Japan’s National Police Agency will introduce radiation-proof vehicles as part of stepped-up counter-terrorism measures at nuclear power plants.

The agency says the new vehicles will be installed at 9 police headquarters in the country. The vehicles are shielded with lead, which blocks radiation.

The vehicles will enable police officers to protect themselves from radiation when apprehending terrorists and rescuing the injured in cases of terror attacks or accidents at nuclear plants.

In the wake of the September 11th attacks in the United States in 2001, Japanese police have been guarding some of the country’s nuclear plants and related facilities. Armed officers and bullet-proof vehicles are on duty around the clock.

Agency officials say they are stepping up counter-terrorism measures in the belief that the accident at the Fukushima Daiichi plant has increased the likelihood of nuclear facilities being targeted.

Foreign ministry simulated nuke plant disaster in 1984

Asahi, Aug 1

The Foreign Ministry had simulated a possible attack on nuclear plants in 1984 that included a scenario in which all power sources were lost–as occurred at the Fukushima No. 1 nuclear plant–but chose to keep the results confidential, The Asahi Shimbun learned.

If the ministry report had been shared with many officials in the government, it could have helped to raise attention to the need to prepare for a possible nuclear power station blackout.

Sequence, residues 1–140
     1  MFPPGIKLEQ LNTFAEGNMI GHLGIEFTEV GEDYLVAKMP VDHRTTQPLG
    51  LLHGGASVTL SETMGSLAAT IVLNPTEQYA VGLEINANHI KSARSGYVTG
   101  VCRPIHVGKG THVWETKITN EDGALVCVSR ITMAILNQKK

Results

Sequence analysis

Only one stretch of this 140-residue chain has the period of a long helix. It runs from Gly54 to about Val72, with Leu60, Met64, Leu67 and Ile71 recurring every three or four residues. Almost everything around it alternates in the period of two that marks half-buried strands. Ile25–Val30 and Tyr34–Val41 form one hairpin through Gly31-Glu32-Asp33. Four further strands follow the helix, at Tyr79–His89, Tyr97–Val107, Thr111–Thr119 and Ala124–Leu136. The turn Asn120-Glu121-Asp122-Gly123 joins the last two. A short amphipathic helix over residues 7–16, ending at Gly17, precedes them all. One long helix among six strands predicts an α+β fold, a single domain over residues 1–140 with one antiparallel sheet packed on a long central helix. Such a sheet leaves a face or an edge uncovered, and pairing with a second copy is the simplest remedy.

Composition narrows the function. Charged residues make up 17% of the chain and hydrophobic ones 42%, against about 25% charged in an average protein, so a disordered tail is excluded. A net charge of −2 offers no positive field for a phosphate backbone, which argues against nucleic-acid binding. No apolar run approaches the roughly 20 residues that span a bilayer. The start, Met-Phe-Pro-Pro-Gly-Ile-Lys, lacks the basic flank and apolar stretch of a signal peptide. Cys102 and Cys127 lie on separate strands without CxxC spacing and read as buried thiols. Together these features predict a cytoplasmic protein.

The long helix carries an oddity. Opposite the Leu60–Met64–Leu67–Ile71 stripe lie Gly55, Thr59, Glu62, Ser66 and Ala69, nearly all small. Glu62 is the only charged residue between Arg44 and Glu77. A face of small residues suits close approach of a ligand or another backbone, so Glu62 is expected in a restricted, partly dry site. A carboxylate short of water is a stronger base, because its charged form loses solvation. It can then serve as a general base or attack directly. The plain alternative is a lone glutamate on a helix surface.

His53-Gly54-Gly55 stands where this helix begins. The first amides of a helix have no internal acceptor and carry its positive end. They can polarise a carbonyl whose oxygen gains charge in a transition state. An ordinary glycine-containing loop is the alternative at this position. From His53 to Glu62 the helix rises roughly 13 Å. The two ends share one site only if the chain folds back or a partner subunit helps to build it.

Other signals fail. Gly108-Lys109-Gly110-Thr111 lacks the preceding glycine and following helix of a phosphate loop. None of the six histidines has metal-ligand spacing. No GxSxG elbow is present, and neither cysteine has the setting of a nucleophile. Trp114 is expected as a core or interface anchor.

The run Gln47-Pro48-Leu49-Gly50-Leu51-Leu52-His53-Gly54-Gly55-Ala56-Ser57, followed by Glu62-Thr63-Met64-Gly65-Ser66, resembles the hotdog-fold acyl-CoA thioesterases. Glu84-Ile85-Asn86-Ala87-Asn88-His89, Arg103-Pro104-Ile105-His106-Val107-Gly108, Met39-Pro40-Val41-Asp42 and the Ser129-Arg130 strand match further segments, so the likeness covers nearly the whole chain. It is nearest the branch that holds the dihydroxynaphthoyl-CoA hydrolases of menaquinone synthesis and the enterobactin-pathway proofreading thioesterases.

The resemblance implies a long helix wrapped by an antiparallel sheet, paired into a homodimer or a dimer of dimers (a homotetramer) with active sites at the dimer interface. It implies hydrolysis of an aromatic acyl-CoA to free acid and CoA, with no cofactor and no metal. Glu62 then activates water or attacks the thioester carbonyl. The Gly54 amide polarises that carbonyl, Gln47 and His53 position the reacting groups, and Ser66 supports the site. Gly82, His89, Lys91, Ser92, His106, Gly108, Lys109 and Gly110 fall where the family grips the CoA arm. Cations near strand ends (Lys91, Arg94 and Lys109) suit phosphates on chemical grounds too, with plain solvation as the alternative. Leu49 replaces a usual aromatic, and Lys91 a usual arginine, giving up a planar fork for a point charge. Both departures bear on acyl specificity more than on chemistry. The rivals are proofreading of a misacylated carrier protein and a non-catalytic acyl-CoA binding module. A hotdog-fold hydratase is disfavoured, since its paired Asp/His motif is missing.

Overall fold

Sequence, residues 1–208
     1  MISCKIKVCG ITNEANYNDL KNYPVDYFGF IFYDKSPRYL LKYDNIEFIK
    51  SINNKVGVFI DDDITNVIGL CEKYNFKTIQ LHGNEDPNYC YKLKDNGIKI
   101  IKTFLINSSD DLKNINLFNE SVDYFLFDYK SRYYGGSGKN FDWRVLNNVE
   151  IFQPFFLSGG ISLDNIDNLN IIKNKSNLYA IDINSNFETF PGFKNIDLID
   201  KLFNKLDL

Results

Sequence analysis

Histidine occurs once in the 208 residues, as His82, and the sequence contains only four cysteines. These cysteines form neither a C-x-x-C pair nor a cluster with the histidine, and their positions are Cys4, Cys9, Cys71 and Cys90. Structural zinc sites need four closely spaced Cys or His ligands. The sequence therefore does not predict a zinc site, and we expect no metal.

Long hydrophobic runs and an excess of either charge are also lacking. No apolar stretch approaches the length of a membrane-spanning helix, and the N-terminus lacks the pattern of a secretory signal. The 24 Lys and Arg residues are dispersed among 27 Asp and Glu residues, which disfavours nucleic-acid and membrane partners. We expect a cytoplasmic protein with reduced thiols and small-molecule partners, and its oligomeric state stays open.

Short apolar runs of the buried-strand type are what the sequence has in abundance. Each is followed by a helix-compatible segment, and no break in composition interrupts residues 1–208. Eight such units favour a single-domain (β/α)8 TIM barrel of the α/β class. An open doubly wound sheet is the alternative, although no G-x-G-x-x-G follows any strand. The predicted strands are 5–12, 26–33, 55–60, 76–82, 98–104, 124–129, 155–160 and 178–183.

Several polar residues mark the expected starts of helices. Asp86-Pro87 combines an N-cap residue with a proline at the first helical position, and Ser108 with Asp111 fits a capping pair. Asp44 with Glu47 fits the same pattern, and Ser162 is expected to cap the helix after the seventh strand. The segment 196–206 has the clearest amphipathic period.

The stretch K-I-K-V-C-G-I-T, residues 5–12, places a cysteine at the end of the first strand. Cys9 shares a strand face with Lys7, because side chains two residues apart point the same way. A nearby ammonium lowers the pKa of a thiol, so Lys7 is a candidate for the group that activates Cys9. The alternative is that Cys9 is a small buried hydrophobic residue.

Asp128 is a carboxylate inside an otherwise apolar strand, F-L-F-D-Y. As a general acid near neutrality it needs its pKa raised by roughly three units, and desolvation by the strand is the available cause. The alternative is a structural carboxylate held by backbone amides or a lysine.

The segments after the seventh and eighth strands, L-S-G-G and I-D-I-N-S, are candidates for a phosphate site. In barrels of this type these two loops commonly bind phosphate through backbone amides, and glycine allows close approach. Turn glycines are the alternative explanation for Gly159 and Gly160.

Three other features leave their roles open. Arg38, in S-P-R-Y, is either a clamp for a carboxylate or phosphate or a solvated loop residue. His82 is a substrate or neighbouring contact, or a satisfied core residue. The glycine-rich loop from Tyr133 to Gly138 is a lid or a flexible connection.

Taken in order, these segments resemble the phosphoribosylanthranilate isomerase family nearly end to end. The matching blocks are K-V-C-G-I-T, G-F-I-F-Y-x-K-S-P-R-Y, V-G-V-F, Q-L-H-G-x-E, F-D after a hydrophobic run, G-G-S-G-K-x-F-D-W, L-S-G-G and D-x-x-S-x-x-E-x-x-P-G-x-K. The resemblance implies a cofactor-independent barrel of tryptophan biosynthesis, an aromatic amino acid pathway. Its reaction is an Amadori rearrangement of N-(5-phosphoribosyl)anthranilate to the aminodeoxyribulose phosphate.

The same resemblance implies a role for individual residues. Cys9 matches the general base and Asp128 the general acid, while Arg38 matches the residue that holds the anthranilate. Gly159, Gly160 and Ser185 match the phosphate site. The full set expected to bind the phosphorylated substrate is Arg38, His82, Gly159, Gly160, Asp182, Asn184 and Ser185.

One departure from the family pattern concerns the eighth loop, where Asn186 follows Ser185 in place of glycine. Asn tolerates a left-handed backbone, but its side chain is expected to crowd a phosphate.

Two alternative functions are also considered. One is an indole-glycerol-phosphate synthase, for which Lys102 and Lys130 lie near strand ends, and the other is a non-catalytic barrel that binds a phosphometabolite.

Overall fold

The ongoing nuclear crisis was triggered by a complete loss of the electricity grid, emergency diesel generators and depletion of backup batteries in the March 11 Great East Japan Earthquake and tsunami. Pumps for cooling water were also broken down in the disaster.

The report on the study of possible attacks on nuclear facilities and projected damages, compiled in February 1984, was obtained by The Asahi Shimbun.

It is the first of its kind known to have been compiled by the government. The report’s first scenario anticipated that a complete loss of power sources would lead to a situation where damaged fuel rods would fall to the bottom of the containment vessel, breaching the vessel. That would result in the leakage of radioactive materials into the atmosphere. The report also projected that a hydrogen explosion would likely be triggered.

This is precisely what occurred in the No. 1 and No. 3 reactors at the Fukushima No. 1 nuclear plant.

The station blackout scenario came to be discussed in the 1990s and later in Japan. But no adequate measures were taken to address the possibility.

Tetsuya Endo, who was involved in the compilation of the report as an official at the ministry’s division handling affairs related to the United Nations, said the report was designed to be just a reference for the ministry.

“No measures were taken for nuclear facilities” to improve safeguards, Endo said.

The report projected up to 18,000 deaths from acute radiation exposure in an attack on a nuclear reactor that damages the containment vessel and the cooling system, resulting in a meltdown and immediate release of radioactive materials into the air.

But the ministry decided not to disclose results of the study, even to the prime minister’s office, fearing it could inflame the anti-nuclear power movement.

The United States and European countries carry out contingency drills based on studies simulating terror attacks on nuclear power plants.

The ministry commissioned the study to the Japan Institute of International Studies, a private organization, after the global community was shaken by Israel’s bombing of a research nuclear facility in Iraq in 1981.

The attack did not lead to a leak of radioactive materials because the nuclear reactor was under construction at the time. More here